Monday, February 19, 2018
Humanities Center, Room D
Presenting a lecture by Pooja Rangan, Assistant Professor of English and Film and Media Studies at Amherst College, followed by a light dinner in the Humanities Center, and a rare 16mm screening of Goodbye CP (1972) organized by On Film. Free and open to the public.
In the field of documentary, voice, rather than point of view, is the prevailing metaphor for a film’s unique perspective, signaling the documentary genre’s textual emphasis on spoken words, as well as its social ethic of “giving voice.” Pooja Rangan’s talk will unpack the humanitarian resonances of this metaphor, as elaborated in her book Immediations: The Humanitarian Impulse in Documentary (2017, Duke University Press). Rangan reframes voice as an audibility: a product of auditory forms and practices such as documentary that discipline unspoken norms of speaking and listening. Her talk places documentary depictions of autistic protagonists and call center agents in conversation, asking how the resonances among disability and postcoloniality might attune us to the complex mediations of difference involved in the production and reception of documentary voices.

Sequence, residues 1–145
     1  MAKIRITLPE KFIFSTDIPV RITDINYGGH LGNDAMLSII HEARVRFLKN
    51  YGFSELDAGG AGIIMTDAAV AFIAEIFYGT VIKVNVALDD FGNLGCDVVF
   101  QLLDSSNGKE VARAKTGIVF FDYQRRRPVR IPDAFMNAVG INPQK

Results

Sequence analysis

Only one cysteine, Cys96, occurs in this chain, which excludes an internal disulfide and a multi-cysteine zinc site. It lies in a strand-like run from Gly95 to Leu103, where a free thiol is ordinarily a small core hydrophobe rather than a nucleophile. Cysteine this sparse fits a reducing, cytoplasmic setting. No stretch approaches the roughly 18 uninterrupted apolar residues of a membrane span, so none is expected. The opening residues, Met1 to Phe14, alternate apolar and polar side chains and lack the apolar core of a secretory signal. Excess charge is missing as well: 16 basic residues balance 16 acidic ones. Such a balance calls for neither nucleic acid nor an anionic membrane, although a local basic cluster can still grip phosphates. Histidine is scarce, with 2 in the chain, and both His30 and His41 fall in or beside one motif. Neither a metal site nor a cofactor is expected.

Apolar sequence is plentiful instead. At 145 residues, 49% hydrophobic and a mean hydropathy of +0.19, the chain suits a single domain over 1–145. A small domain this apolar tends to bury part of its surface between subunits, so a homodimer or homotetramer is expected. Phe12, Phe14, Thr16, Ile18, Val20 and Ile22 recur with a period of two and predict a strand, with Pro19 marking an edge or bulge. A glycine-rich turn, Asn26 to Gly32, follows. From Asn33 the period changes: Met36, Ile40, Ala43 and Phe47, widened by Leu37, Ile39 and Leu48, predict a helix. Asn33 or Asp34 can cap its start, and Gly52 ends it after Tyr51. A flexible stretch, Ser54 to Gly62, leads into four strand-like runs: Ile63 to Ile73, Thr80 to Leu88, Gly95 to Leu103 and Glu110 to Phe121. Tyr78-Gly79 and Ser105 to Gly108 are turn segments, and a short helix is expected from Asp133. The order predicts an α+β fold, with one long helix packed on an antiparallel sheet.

Pooja Rangan is Assistant Professor of English and Film and Media Studies at Amherst College. She is the author of Immediations: The Humanitarian Impulse in Documentary, and numerous articles in journals including Feminist Media Histories, Film Quarterly, Camera Obscura, World Picture, and differences. Rangan also serves on the board of the Flaherty Film Seminar, and is co-editor, with Genevieve Yue, of a new special issue of the journal Discourse on “Documentary Audibilities.”
Goodbye CP / Sayonara CP (Kazuo Hara, 1972, 82 min., 16mm)
The first film by director Kazuo Hara and producer Sachiko Kobayashi’s Shisso Productions, Goodbye CPresults from their pact with a group of activist men with cerebral palsy called the Kanagawa Green Grasses: they throw off all supports of society that render them invisible to rally in the streets of Tokyo against their mistreatment, and he keeps filming no matter what. A shy cameraman alienated by the collectivist politics of the 1960s student movement, Hara’s first film created a model he’d follow for later canonical titles such as The Emperor’s Naked Army Marches On (1987), following protagonists pushing through public/private boundaries and upending conventions of documentary ethics to challenge the buried violence of colonized subjectivities. In non-sync black and white, Goodbye CP accesses that political provocation in stark terms, questioning its own medium and the terms of solidarity it’s built upon. Two outspoken disability rights activists, the poet Hiroshi Yokota and photographer Koichi Yokotsuka, challenge the status of the camera as object and documentary tool, and the human voice’s dependence upon it.
Poster by Adam Maida